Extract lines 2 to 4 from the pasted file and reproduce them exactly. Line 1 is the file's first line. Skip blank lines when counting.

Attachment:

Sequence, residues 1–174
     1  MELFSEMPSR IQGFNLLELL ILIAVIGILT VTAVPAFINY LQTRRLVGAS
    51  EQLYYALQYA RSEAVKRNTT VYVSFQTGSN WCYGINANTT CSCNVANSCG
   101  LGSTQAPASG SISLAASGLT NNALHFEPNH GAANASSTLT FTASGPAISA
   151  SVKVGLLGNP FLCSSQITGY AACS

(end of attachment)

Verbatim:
     1  MELFSEMPSR IQGFNLLELL ILIAVIGILT VTAVPAFINY LQTRRLVGAS
    51  EQLYYALQYA RSEAVKRNTT VYVSFQTGSN WCYGINANTT CSCNVANSCG
   101  LGSTQAPASG SISLAASGLT NNALHFEPNH GAANASSTLT FTASGPAISA